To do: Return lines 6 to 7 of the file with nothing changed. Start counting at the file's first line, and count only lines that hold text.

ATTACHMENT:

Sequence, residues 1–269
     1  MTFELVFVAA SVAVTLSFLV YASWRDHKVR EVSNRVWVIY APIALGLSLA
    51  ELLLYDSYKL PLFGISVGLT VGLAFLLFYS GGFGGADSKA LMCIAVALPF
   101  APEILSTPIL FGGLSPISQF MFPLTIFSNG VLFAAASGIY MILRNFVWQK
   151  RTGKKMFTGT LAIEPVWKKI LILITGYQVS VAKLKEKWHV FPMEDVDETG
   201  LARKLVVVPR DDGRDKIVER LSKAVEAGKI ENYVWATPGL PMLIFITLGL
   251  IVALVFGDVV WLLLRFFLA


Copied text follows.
   201  LARKLVVVPR DDGRDKIVER LSKAVEAGKI ENYVWATPGL PMLIFITLGL
   251  IVALVFGDVV WLLLRFFLA